Problem:Give an epsilondelta proof for the existence of the limit, 
> ;
2 2 x  y lim  (x, y) > (0, 0) x + y

> f := (x,y) > (x^2y^2)/(x+y):
First notice that if the limit exists it must be the value obtained when we compute it along any path aproaching (0,0). So let us take the simple path y=x as x>0. We have, 
> ;
2 2 x  x lim  = 0 x > 0 x + x
We conclude that the only candidate for the limit is 0.
For the limit to be zero we must show that,

in order to show this we factorize the numerator of f(x,y) as, 
> factor(x^2y^2);
(x  y) (x + y)
and then for all (x,y) different from (0,0) we have 
> 'f(x,y)' = simplify(f(x,y));
f(x, y) = x  y
At this point we can be certain that the limit exists and that it
is in fact 0. We could see it, that is, if we accept the fact that
(xy) is a continuous function at (0,0). But to show that (xy) is
continuous you need to show the existence of the limit so the
complete argument is circular. There is no way but to use
the epsilondelta proof. One more point: If we use the theorem

> ;
2 2 1/2 f(x,y)0 = xy < x+y < (2 (x + y )) = sqrt(2) delta
Ok the last inequality needs a justification. Here it is:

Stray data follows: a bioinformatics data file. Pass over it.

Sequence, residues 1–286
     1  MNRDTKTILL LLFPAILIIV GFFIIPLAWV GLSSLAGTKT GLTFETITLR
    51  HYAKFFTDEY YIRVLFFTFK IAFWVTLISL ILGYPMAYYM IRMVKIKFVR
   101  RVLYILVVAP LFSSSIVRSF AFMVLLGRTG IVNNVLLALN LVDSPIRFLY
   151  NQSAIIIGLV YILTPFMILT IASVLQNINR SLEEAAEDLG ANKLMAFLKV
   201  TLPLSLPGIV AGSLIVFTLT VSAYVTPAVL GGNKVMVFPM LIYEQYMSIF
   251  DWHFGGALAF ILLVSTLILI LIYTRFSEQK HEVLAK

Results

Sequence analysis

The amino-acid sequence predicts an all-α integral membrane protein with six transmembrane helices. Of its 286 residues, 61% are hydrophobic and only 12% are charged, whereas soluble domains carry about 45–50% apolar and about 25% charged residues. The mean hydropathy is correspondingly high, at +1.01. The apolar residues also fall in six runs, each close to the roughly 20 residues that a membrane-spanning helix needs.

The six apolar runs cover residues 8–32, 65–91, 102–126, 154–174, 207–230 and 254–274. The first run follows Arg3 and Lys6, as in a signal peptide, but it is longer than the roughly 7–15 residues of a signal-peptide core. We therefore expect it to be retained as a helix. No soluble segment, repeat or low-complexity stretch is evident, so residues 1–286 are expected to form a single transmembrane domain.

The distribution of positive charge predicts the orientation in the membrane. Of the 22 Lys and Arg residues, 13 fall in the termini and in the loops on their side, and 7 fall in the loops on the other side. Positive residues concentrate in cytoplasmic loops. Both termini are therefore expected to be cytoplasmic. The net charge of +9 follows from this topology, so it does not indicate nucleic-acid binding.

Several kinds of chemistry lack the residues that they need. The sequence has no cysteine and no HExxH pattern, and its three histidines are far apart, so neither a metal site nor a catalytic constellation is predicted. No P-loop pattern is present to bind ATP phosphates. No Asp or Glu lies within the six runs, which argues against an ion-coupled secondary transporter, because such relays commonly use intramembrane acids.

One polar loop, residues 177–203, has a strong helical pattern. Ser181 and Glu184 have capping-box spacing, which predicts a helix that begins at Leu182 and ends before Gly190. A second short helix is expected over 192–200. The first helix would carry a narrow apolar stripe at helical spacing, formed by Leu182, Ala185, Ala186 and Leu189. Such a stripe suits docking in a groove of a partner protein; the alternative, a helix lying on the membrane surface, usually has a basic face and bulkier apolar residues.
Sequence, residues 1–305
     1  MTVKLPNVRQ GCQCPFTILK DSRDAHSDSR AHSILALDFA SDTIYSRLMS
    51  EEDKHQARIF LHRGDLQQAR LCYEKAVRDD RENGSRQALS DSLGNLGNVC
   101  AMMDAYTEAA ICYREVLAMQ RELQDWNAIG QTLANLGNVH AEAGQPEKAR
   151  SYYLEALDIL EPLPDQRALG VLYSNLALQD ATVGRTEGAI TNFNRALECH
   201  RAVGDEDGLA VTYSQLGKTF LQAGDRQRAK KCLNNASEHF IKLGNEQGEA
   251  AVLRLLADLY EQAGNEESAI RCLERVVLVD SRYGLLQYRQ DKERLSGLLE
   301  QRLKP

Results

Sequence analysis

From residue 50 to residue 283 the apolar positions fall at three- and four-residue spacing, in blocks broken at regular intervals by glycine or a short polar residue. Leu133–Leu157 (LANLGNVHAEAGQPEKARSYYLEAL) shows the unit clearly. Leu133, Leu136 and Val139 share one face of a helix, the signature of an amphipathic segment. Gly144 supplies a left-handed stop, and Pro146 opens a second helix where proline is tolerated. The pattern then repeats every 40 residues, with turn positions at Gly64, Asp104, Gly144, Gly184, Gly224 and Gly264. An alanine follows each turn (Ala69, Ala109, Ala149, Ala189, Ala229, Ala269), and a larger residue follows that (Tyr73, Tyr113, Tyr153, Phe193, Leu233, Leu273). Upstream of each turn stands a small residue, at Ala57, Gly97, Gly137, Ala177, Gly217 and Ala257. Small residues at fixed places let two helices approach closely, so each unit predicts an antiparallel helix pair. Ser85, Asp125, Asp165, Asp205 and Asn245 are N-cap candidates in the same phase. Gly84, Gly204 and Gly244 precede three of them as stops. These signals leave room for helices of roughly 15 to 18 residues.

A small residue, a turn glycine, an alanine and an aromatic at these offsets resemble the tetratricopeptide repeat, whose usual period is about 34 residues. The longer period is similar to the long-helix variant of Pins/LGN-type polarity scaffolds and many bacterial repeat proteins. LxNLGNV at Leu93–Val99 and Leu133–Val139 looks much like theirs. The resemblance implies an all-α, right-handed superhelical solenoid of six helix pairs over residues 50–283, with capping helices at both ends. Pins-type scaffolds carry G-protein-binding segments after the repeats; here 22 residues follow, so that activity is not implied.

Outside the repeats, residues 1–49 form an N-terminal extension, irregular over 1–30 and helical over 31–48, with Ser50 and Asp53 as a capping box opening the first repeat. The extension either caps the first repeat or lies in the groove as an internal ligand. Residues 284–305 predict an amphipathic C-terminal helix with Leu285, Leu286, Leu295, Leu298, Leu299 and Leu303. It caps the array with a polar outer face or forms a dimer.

For all (x,y) we have, 
> ;
2 2 1/2 x+y < (2 (x + y ))
the <'s are really less or equal in this page (OK?). 

here is the trick, 
> ;
2 2 2 0 < ( x    y ) =  x   2  x   y  +  y 
from where we deduce that 
> ;
2 2 2  x y  <  x  +  y 
Put this on the ONE hand. On the OTHER hand put 
> ;
2 2 2 ( x  +  y ) =  x  + 2  x y  +  y 
and use the stuff you got on the ONE hand to show that 
> ;
2 2 2 ( x  +  y ) < 2 ( x  +  y  )
Finally use the fact that sqrt() is an increasing function and take sqrt() on both sides of this last inequality and we are done with the Lemma! 
With the Lemma under the belt we do the final epsilondelta hunky punky (i.e. invert the u to get the v... remember?) and get: 
> ;
epsilon delta <  sqrt(2)
Yippiiii....
Mom, I know how to do epsilondelta proofs!!!